Jim Russell, Warren Key Inducted Into OA Hall of Fame; Mike Hubbert Receives Silva Award for Services

Congratulations to Jim Russell on his induction into the Orienteering Australia Hall of Fame, in recognition for his outstanding contributions to all aspects of the sport in Australia. Jim has been involved in orienteering for about 40 years and apart from the first 5 when he was heavily involved in competition he has been involved on the organisation side consistently.

Jim has had an enormously successful coaching record, including as WOC team coach in 2017, 2018, team manager/assistant coach in 2019 and Women’s team coach in 2004 and 2005, where Hanny Allston broke through for a podium finish in the long distance race. Jim was also JWOC coach from 1996-1999, where highlights were top results for Jo Allison and a bronze medal for Troy de Haas, and later was joint coach for JWOC 2007 in Dubbo, coaching Simon Uppill and Vanessa Round to outstanding results. Among Jim’s many other notable coaching contributions are his role as OA Head Coach from 2016-2020 and his work in developing and implementing the process for accreditation of orienteering coaches.

Jim served on the VOA Board for many years, and as VOA Vice President from 1995 to 1998. Similarly Jim has consistently participated on the Bendigo Orienteers committee (including 3 years as president and currently serving as Vice-President).

Jim has been involved in the running of countless events at national, state and local scale. In particular, he has become known for singlehandedly organising the annual Bendigo ToDay event at the start of each season, which has now been held 14 times. Another particularly large organisational feat was his role as Carnival Director for the Bushrangers 09 Australian Orienteering Champs. Jim has also played a significant part in the increased participation of people in Central Victoria to Orienteering through the development of Space Racing and the success of ‘his’ schools and students at the Victorian Primary Schools Championship – it is a great credit to him.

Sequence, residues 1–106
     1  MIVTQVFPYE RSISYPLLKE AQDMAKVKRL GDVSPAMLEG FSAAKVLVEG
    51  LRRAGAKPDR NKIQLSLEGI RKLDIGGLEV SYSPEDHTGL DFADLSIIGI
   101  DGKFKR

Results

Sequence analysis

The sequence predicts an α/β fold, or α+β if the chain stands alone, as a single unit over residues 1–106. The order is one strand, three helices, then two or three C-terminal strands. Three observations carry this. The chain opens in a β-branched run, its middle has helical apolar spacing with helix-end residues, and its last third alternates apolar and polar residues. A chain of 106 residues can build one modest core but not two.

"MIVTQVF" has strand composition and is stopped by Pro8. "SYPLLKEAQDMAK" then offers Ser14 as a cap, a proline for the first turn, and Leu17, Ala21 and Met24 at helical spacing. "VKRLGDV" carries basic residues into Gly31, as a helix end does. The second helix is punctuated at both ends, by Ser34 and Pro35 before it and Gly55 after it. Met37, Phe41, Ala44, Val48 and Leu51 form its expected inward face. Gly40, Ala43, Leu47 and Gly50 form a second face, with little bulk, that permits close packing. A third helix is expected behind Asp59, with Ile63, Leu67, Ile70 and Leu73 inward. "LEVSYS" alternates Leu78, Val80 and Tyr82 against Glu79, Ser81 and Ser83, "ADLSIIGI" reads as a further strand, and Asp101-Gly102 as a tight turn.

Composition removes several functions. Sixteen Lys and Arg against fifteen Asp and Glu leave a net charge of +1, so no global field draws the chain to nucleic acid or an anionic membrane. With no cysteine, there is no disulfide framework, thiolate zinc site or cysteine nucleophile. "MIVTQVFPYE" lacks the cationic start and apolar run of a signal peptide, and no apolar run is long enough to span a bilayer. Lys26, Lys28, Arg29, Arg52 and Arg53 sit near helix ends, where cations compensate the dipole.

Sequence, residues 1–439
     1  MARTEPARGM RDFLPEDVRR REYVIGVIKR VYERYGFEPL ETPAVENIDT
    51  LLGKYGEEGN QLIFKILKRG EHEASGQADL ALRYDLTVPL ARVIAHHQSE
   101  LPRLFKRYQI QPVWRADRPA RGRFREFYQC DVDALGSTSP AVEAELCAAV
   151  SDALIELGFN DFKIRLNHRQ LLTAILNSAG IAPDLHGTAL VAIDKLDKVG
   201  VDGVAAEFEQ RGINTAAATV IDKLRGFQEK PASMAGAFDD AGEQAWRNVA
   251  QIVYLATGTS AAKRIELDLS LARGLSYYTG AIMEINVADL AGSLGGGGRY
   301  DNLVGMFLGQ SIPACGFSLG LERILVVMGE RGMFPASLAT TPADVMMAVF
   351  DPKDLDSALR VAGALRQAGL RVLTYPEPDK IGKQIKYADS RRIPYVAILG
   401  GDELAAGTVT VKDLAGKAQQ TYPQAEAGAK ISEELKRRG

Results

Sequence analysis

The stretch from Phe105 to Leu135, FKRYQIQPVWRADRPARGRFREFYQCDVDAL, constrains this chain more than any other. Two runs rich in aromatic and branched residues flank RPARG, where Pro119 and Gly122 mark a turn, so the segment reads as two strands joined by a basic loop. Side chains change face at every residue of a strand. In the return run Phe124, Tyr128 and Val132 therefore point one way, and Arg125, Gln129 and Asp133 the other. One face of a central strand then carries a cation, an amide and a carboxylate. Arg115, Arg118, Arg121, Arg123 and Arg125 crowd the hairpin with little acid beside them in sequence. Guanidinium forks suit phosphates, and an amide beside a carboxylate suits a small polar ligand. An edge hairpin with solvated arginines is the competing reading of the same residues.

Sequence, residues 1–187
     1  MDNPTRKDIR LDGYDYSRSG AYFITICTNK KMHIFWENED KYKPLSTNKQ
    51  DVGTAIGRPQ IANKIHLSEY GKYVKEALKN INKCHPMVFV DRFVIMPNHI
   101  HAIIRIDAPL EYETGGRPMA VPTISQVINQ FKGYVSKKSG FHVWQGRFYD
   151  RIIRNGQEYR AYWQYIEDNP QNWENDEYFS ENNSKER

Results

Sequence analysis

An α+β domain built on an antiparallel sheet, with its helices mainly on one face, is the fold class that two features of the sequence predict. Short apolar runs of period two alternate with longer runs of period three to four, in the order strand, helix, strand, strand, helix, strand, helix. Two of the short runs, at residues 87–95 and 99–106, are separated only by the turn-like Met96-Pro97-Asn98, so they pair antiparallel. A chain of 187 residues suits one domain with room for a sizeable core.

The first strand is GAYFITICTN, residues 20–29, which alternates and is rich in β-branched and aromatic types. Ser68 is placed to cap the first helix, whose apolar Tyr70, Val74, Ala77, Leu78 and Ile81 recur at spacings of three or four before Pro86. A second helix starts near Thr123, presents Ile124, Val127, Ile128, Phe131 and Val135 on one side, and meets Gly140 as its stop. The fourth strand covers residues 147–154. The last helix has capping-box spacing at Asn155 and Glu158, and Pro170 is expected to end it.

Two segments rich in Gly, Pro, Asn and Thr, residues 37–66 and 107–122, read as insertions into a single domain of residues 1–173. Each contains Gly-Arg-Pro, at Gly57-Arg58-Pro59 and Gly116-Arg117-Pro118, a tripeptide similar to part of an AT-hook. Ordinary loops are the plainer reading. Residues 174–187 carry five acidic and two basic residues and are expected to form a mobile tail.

Jim has always wanted to put on the best event possible for the competitors and spectators. He has been a driving force behind the sport’s use of technology in Victoria and Australia, promoting the use of sportident and o-lynx touch, having screens displaying real time results at the Melbourne Sprint & Autumn Bush series, plus every MSW carnival that has been run. Jim also introduced the excellent Pretex paper for map-printing to Australia.

Jim is often the invisible hand behind the things that get done. Without being asked to, and without other people being aware of what he is doing. The things that need to get done, will be done, ready for an event.

High profile contributions get their own recognition but the behind the scenes things often do not. This is what everyone remarks on when they’re asked about Jim. It is all the unsung organising, mentoring, and stepping into gaps, often without needing to be asked, that make him worthy of induction – congratulations Jim.

Congratulations to Warren Key on his induction to the Orienteering Australia Hall of Fame for his achievements as an athlete, with an extraordinary career at both an elite and masters level. Warren has represented Australia at six world championships, from 1979-83 and from 1993-1997, with his best results being 23rd in the Long Distance and 6th in the relay in 1981. Warren had an extraordinarily long career at the top of the domestic elite fields, with highlights being his Australian Long Distance Championships title for M21E in 1995 and 2nd in 2004 (while eligible to run M45), as well as being winner of the inaugural National Orienteering League in 1993.